TV cameraman didn`t know Norway killer was on tape

A TV cameraman captured the only known images of the gunman during his shooting rampage.

Oslo: A TV cameraman who captured the only
known images of the gunman during his shooting rampage at a
political youth camp in Norway says he had no idea at the time
that the killer was in his viewfinder.

Marius Arnesen, a cameraman for Norwegian public
broadcaster NRK, was in a helicopter hovering more than 200
meters over Utoya island, where panicked youth were being
massacred as they fled into the water on Friday.

At the time, Arnesen says, he didn`t realise the scale
of the disaster, in which at least 68 people were mortally

"We were circling the island taking shots of the
island," he told The Associated Press today. "It looked empty,
so at first I thought police had evacuated the island. Then we
saw people swimming and floating in the water. And then we
started slowly realizing what was going on."

He zoomed in on a part of the island where people had
jumped into the water.

"It`s really hard to hold a camera still and get the
framing right. So I just zoomed in and tried to hold it still
for 3 seconds," Arnesen said.

His images show a man in dark clothing surrounded by
bodies piled up on the shore and in the water. NRK released
them to other media after blurring out the victims so they
could not be identified.

As the helicopter left to refuel, Arnesen still wasn`t
quite sure what was on his tape, he said.

It wasn`t until the next morning, when NRK editors
were going through his images frame by frame, that they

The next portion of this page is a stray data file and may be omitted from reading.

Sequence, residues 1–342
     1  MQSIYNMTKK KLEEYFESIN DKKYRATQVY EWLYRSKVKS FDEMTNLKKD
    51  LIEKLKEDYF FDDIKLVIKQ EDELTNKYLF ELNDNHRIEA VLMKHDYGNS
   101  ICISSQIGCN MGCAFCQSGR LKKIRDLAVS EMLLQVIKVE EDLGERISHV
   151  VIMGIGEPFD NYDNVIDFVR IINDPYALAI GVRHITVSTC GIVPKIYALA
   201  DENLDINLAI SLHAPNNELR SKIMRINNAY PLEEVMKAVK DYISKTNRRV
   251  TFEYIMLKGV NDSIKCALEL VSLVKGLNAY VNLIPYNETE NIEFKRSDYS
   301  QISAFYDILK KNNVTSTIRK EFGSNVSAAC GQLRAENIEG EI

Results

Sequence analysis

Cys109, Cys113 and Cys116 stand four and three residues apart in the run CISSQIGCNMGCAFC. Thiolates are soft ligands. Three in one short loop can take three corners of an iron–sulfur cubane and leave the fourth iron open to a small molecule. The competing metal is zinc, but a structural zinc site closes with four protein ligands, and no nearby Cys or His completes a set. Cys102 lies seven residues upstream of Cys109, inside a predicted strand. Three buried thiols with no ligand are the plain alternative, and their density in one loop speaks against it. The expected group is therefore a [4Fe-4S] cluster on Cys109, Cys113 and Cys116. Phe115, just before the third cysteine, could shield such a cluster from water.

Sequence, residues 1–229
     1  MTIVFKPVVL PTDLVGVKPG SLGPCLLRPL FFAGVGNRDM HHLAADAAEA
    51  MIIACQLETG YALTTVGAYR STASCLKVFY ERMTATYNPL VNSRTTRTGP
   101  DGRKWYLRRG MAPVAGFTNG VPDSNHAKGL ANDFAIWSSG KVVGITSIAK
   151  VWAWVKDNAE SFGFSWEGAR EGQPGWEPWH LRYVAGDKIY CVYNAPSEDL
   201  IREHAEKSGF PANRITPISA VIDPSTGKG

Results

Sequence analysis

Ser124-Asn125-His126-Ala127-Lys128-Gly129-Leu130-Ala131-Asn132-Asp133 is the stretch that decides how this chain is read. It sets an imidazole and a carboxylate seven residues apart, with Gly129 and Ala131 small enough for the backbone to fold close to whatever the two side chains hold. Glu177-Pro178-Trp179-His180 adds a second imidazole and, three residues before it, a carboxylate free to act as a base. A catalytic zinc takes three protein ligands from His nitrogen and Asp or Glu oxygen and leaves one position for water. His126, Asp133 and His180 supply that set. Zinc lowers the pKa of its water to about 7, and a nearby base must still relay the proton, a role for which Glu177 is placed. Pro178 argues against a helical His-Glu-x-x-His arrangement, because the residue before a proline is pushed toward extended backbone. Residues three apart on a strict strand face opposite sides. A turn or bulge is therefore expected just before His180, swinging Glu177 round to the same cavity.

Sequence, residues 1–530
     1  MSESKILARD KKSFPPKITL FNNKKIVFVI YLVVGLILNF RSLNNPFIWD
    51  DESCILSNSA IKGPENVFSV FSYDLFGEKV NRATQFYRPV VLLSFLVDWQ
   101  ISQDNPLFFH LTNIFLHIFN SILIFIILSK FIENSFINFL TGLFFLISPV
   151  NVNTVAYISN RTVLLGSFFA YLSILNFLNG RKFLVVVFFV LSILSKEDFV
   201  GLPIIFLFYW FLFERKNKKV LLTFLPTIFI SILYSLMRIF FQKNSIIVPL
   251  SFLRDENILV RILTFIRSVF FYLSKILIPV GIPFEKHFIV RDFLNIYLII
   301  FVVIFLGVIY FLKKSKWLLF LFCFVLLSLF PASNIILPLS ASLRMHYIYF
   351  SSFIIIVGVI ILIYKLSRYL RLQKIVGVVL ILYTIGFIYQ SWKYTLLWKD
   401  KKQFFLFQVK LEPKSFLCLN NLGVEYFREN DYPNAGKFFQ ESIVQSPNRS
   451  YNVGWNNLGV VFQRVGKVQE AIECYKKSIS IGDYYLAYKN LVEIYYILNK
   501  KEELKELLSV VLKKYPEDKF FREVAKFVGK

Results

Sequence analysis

realized they had video of Anders Behring Breivik, the
32-year-old Norwegian who has confessed to the shooting and a
bombing hours earlier in Oslo`s government district.

"I got a call saying, `just to let you know you`ve
captured the killer,`" Arnesen said.

The fact that the NRK helicopter arrived before the
police SWAT team that arrested Breivik has sparked criticism
over the police response. Relatives of people on the island
have also questioned whether the NRK helicopter put people in
graver danger.

Marianne Bremnes, whose 16-year-old daughter Julie was
cowering on the island during the shooting, says her daughter
came out of her hiding place "and waved her pink rain jacket"
because she thought the helicopter was there to rescue her.

"If she had been at the wrong spot she would have been
killed, since the police had not arrived yet and the gunman
was not arrested," Bremnes said by telephone from Harstad in
northern Norway today.

She said her daughter survived the massacre but lost
five of her friends.